Polls pointing to a potential Democratic victory have raised questions about tax reform. How might it take shape under a Biden administration—and does it still make sense to maximize tax-deferred savings?

Without question, yes. In a rising tax environment, tax-deferred plans become even more valuable. For a better understanding, let’s first look at the potential changes a new administration might bring.

What’s Changed?

The Biden tax plan—which would likely require unified control of both the White House and Congress—proposes a number of changes, several of which directly impact the value of tax-deferred savings:

  • Reversion of top marginal tax rate: Rolling back the top marginal tax rate to 43.4% (from 40.8%) for investors with earned income greater than $400k per year would increase the tax burden on top-rate payers but enhance the value of tax deferral.
  • Taxation of long-term capital gains for high earners: Current law allows for a favorable 23.8% tax rate on investments held longer than one year. However, in what could be the most impactful change, ordinary income rates for any earned income greater than $1M per year would apply. For those fortunate enough to enjoy sizable incomes, the additional tax could be significant, making the case for tax deferral even more compelling. This holds particularly true for those residing in states with high income taxes.

Consistent Benefits from Tax Deferral

When considering how tax deferral can benefit your personal circumstances, you must consider numerous variables, such as your tax bracket, annual income, and deductions.

For instance, consider a 50-year-old saving in a tax-deferred 401(k), with plans to access the funds in retirement at age 65. To model a baseline, we first ask how the investor would have fared under the existing tax regime. Then we compared the results against two different scenarios using the Biden tax assumptions:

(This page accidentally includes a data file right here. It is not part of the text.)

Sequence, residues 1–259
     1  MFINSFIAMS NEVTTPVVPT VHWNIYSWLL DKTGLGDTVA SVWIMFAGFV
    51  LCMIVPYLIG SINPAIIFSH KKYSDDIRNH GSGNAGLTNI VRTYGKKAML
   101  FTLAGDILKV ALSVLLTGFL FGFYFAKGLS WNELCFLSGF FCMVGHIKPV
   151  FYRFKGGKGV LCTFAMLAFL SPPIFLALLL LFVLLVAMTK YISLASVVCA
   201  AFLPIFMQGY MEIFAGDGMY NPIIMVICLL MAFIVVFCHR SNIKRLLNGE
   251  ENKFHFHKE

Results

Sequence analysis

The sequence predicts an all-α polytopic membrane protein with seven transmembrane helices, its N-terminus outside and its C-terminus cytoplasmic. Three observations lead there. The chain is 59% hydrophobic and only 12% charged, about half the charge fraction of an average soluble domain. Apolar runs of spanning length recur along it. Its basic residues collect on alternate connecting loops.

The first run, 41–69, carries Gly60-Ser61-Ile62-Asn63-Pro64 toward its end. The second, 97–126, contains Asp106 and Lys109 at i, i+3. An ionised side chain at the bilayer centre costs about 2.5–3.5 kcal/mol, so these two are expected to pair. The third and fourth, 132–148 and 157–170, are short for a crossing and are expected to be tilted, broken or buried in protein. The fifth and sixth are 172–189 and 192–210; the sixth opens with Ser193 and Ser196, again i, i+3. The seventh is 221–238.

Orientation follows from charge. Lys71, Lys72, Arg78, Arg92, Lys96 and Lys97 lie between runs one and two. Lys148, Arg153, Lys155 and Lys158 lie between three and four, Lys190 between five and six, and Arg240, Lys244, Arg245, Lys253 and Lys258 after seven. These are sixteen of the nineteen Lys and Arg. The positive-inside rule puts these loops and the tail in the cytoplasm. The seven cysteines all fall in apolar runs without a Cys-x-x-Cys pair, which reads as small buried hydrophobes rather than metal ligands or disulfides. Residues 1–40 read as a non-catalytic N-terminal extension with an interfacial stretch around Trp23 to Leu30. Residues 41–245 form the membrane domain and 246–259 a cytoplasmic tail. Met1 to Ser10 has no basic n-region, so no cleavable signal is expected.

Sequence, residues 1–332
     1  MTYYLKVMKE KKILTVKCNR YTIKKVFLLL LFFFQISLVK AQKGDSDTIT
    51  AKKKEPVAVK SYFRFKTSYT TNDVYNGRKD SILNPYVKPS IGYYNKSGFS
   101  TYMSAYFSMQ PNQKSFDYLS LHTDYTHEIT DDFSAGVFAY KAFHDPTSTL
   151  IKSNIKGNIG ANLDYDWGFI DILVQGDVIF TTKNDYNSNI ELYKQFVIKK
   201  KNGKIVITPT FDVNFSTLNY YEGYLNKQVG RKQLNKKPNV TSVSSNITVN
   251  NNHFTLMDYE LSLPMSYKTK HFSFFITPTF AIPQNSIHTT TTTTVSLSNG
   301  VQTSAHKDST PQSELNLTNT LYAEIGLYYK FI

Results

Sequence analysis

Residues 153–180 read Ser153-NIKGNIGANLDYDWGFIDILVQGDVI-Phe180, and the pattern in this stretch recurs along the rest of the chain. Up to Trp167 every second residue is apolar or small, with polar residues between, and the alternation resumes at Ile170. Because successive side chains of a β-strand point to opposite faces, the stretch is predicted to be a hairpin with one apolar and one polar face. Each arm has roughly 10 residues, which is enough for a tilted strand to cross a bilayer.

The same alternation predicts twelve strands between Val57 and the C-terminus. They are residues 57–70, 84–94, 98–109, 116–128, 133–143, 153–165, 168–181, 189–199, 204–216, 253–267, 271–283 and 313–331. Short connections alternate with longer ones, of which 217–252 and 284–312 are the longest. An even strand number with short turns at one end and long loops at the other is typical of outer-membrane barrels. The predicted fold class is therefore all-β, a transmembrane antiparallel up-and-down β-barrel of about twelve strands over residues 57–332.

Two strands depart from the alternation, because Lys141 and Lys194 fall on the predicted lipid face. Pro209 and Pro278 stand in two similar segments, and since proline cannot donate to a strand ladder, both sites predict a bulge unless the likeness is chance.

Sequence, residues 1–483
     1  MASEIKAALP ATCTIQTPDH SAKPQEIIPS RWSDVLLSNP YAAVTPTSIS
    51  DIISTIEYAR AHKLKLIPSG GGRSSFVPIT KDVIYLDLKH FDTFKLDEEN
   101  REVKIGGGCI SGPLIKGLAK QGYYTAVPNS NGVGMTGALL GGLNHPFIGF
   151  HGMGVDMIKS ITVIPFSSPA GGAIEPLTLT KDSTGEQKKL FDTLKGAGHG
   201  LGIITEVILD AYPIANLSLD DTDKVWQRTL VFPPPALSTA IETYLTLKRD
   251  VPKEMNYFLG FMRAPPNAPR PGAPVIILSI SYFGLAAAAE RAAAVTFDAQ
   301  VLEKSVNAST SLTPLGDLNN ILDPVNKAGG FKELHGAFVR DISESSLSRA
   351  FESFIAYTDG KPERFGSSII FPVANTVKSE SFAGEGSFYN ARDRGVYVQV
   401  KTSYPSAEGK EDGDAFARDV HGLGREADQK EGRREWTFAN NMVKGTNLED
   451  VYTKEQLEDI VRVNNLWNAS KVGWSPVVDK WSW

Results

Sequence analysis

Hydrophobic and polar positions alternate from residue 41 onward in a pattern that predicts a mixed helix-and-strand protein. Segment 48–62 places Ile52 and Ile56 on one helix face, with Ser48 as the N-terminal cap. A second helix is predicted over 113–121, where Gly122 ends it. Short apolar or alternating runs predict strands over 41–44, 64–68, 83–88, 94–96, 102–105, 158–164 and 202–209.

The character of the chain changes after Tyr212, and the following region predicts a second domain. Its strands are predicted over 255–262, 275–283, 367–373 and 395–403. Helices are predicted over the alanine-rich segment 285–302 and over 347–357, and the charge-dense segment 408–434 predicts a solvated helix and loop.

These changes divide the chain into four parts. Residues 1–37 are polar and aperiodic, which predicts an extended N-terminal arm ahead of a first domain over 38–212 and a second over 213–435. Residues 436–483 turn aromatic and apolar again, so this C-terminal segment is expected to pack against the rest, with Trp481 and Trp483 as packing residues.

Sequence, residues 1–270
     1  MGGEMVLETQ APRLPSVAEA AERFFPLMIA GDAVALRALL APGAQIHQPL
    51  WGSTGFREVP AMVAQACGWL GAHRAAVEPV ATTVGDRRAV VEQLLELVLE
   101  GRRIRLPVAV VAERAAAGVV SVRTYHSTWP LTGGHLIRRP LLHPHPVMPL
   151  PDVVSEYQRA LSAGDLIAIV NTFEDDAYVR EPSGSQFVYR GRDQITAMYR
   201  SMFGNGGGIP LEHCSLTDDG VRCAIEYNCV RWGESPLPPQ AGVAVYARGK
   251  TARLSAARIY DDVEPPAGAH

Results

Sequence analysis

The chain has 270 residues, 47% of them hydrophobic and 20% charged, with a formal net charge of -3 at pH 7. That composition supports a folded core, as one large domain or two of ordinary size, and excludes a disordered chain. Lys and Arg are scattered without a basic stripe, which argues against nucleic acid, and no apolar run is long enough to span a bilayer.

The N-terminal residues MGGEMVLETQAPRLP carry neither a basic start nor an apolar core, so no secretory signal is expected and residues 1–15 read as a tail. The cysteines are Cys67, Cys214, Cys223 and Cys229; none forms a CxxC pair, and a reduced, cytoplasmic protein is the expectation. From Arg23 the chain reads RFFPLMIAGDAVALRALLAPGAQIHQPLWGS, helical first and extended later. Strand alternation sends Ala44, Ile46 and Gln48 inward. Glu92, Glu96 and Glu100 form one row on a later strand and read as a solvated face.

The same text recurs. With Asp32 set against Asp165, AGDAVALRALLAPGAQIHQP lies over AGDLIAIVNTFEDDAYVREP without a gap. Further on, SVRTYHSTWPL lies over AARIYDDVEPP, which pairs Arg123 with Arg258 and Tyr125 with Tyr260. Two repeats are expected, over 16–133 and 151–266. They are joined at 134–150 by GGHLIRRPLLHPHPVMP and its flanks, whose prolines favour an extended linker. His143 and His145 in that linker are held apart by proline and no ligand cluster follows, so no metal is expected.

I. The first considers the impact for investors earning between $400k and $1 million per year
II. The second models for those earning greater than $1 million

In our display, each column measures the incremental benefit (on an after-tax basis) of using a tax-deferred plan versus a taxable account. We found that the incremental benefit remains significant across every scenario, ranging from 22% - 32% in additional savings by utilizing a tax-deferred vehicle.

Deferral Trumps Politics

Given political realities, meaningful changes to the tax code are unlikely to pass without Democratic control of the Senate. But even if this occurs, the value of tax deferral endures—especially for those with higher earned income and those who maximize their contributions. This holds true regardless of where one lives but is even more crucial for investors receiving sizable incomes. In those cases, greater burden brings greater benefit.

The views expressed herein do not constitute, and should not be considered to be, legal or tax advice. The tax rules are complicated, and their impact on a particular individual may differ depending on the individual’s specific circumstances. Please consult with your legal or tax advisor regarding your specific situation.

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